Holy crap! I walk into the first cave at Ajanta and there it is, the stunning bodhisattva Padmapani from my art history books. They keep it in low LED light to help preserve the color. The man below is using a spotlight and shop vac to clean cave 2. My guide asked him to shine the light onto the paintings so I could see better. I don’t really like the term bucket list, but this was definitely at the top of my 100 things to do before dying.
Man cleaning cave 2
Many of the ceiling panels look like they are painted in black and white, but with a flashlight one can see Lapis Lazuli blue on the edges of all the flowers and highlighting other areas.
Volcanic stone ceiling
Cave 9 exterior
Cave 9 and 10
The chaitya halls of caves 9 and 10 are thought to be the oldest, dating back to the 2nd century BC. Stupas, not Buddhas, were the focal point until the death of the Buddha.
Cave 10, paintings from the 1st century BC
Paintings from the portico of Cave 17
The colors in the paintings outside of cave 17 are still so vibrant. The pinks and oranges are surprisingly fresh looking. Conservators have put up white fabric curtains to protect the colors, but for almost 200 years they were only protected by the portico roof and a few posts, (they did spend over a thousand years covered by jungle though).
Outside Cave 17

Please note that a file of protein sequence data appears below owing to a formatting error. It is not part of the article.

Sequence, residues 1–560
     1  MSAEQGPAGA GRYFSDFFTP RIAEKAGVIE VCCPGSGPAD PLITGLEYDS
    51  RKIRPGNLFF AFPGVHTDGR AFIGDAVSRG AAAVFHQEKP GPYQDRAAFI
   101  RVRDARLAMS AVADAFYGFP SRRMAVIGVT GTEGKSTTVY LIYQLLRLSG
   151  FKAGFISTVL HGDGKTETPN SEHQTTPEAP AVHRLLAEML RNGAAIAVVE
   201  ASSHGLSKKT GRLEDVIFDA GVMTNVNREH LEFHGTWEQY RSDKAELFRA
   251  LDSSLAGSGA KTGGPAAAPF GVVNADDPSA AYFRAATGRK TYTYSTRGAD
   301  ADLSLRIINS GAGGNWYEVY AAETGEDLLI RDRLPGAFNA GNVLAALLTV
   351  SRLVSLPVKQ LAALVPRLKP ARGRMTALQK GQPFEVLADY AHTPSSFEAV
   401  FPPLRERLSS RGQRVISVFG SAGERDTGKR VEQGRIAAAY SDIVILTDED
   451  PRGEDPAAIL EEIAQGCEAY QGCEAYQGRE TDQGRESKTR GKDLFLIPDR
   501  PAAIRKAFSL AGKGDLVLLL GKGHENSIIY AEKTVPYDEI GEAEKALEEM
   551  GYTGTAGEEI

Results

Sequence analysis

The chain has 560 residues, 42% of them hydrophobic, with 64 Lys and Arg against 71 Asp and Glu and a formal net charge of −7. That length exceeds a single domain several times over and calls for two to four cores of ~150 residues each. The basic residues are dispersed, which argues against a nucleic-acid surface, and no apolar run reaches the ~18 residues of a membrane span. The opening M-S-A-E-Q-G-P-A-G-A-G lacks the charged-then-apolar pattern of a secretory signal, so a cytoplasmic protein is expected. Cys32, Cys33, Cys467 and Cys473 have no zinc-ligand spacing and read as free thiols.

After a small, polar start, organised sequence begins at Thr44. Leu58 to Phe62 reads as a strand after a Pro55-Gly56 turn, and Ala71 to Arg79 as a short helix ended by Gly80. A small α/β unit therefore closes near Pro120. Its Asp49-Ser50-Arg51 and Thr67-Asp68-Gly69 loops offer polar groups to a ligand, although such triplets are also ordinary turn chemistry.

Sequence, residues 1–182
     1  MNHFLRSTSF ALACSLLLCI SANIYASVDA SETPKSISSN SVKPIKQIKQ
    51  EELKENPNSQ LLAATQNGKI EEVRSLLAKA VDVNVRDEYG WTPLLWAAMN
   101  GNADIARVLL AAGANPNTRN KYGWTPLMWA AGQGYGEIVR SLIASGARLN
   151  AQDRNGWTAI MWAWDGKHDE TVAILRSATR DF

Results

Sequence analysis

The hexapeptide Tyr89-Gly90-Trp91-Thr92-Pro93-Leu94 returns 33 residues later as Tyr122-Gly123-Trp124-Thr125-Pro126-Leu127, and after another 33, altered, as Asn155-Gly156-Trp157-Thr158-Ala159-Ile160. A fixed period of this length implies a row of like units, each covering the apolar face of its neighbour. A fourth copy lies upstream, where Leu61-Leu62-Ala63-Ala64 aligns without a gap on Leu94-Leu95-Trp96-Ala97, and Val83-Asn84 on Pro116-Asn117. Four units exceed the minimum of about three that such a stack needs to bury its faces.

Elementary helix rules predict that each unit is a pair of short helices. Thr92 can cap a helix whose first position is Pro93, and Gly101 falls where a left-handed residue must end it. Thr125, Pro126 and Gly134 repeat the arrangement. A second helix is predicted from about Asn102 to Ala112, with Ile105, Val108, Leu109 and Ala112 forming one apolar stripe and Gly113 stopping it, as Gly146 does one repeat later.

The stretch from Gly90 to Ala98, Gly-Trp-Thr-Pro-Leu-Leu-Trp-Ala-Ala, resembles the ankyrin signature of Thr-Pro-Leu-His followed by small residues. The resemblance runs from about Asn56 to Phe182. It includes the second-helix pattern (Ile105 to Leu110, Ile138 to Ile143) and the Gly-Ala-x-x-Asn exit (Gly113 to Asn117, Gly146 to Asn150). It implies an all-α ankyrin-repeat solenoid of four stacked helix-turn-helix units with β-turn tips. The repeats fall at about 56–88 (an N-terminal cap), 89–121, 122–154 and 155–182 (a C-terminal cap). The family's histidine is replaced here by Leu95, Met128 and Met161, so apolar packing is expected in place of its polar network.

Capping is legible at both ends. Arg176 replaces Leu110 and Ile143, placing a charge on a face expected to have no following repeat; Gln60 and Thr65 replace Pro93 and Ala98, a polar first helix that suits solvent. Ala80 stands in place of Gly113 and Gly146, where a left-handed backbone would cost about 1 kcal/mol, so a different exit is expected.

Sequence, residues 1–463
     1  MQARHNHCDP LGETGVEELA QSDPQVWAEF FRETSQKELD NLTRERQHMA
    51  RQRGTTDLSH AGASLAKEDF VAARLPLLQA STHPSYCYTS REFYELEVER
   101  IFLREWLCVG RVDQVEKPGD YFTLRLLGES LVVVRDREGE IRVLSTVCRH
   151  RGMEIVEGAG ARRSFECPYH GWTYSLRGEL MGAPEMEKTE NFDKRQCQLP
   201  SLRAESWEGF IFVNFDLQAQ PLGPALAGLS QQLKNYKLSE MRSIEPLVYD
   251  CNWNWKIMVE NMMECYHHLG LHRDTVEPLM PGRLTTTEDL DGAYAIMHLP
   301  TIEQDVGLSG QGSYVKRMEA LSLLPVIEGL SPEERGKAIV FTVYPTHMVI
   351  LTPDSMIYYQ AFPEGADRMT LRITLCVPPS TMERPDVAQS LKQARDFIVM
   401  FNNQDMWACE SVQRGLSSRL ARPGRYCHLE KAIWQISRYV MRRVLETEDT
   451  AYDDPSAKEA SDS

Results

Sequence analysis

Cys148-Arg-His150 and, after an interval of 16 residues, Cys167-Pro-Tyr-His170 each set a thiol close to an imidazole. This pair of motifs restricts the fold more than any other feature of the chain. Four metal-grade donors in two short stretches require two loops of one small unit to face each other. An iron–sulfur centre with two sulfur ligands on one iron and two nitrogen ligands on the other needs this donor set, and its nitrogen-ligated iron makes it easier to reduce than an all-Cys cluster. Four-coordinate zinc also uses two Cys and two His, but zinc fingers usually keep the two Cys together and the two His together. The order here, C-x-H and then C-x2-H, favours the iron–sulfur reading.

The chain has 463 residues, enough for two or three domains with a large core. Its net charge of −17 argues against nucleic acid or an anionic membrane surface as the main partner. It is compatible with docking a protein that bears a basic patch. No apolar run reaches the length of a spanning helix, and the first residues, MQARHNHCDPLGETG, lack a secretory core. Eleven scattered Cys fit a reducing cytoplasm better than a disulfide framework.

Cave 19 exterior
Cave 26 interior
Buddhist caves at Ellora
Ellora is a place I have wanted to go to for such a long time, since I was studying Asain art as an undergrad. I don’t know how to describe this experience and it can’t really be explained in pictures either, but here is a taste of the great beauty I experienced. My favorite spot is the Buddhist cave with the ribbed ceiling, and the stupa with Buddha carved into the front. There were very few people when I was there and I was able to sit quietly on the floor and breathe it in. A once in a lifetime experience – the enormity was overwhelming at times. These caves were built by hand from solid rock between the 6th and 9th centuries!
Man from Jain cave
Man blowing into a conch shell on a post in a Jain cave
Three stories of Buddhist monk meditation quarters
Perfectly aligned posts carved from a solid mountain. This cave lacks decoration because it is for meditation. Only the two columns flanking the entrance (halfway down on the right) have carved pots with overflowing plants as a welcome.
Buddhist cave for worshipping the Buddha.
Ceiling of cave
Looking out from behind the stupa
The largest Hindu Temple in Ellora. Carved from solid mountain from the top.
This temple is for worshipping the god Shiva. It is built in the shape of a carriage, but instead of wheels it is carried on the backs of elephants and other animals.
Elephants, lions and gryphons supporting the temple
The Hindu temple from behind